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Meeting the Needs of LGBT Seniors With Dementia

This month, we celebrate Lesbian, Gay, Bisexual and Transgender (LGBT) Pride Month. This recognition takes place in June to mark the anniversary of the 1969 Stonewall Uprising, an event that is symbolic of the ongoing battle for LGBT rights.

This year, as we celebrate the 50th anniversary of that historic event, many members of that pioneering generation are facing the challenges of aging, and some are touched by memory loss. The Alzheimer’s Association and SAGE, an advocacy group for LGBT elders, recently released a report that sheds light on the needs of these elders, as well as their caregivers.

According to “Issue Brief: LGBT and Dementia,” LGBT elders with dementia face a number of challenges:

  • Even with today’s increased awareness and acceptance of LGBT rights, these seniors still face marginalization and discrimination.
  • They are twice as likely to age without a spouse or partner, and three to four times less likely to have children, which means they have fewer family members to help when they need care.
  • They are at higher risk of poverty in their senior years—often facing discrimination in the workplace, and until recently, unable to access the tax and insurance advantages and survivor benefits of marriage.
  • Seniors with HIV/AIDS-related cognitive impairment may face an even greater stigma.

LGBT elders are also less likely to reach out for services and support, fearing they’ll be treated poorly. They’re less likely to access visiting nurse services, senior centers, meal delivery and other food programs. The report says that many LGBT people in their 60s and 70s haven’t even told their healthcare providers about their sexual orientation! And, already dealing with discrimination in their lives, they fear the stigma of being diagnosed with dementia.

What can healthcare providers do to better meet the needs of these seniors and caregivers?

“Our findings highlight the need for culturally competent healthcare and practice for older sexual minorities at risk for, or currently living with, Alzheimer’s disease or another dementia,” said study author Jason Flatt, Ph.D., of University of California, San Francisco. “There are also important implications for meeting the long-term care services and caregiving needs of this community. Given the concerns of social isolation and limited access to friend and family caregivers, there is a strong need to create a supportive healthcare environment and caregiving resources for sexual minority adults living with dementia.”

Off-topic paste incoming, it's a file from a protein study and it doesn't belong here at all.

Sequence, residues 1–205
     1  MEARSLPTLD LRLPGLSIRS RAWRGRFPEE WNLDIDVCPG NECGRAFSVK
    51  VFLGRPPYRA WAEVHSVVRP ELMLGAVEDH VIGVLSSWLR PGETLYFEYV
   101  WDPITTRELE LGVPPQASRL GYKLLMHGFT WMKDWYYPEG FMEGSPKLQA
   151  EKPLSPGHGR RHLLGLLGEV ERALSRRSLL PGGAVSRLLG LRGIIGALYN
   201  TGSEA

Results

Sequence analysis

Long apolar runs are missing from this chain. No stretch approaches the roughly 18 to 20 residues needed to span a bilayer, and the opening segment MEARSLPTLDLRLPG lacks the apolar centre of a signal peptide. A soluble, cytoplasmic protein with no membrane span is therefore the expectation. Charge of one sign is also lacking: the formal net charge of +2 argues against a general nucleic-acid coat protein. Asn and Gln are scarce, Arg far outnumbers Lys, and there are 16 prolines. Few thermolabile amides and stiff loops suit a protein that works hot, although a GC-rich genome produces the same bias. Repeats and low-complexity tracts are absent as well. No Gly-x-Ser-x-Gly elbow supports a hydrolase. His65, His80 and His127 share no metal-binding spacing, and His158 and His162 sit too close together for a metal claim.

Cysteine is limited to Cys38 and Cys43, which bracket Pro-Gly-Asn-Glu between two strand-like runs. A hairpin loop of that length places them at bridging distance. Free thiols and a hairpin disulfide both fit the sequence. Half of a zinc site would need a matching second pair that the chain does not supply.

The first thing healthcare providers can do is to expand their definition of family. According to the report, “many LGBT older adults may not have a relationship with their legal or biological families, and are instead supported by their families of choice.” In addition, caregivers are more likely to be age contemporaries of the person receiving care, perhaps dealing with their own health issues.

Providers are also advised to:

  • Educate themselves and their staff on LGBT cultural competency.
  • Find or create support groups specifically for LGBT people.
  • Partner with local LGBT community groups and political organizations.
  • Help LGBT people and their families with legal and financial planning.

“With the growing prevalence of Alzheimer’s disease dementia and the swelling population of LGBT older adults, we place a high priority on examining the intersections of Alzheimer’s disease, sexual orientation, and gender identity and expression,” said Alzheimer’s Association Director of Quality Care and Psychosocial Research Sam Fazio, Ph.D. “A more thorough and thoughtful understanding of this intersection will enable us to better meet the needs of LGBT elders living with dementia and their caregivers.”

To find much more information, read the entire Issue Brief: LGBT and Dementia here.

Read More About: Dementia and Alzheimer's
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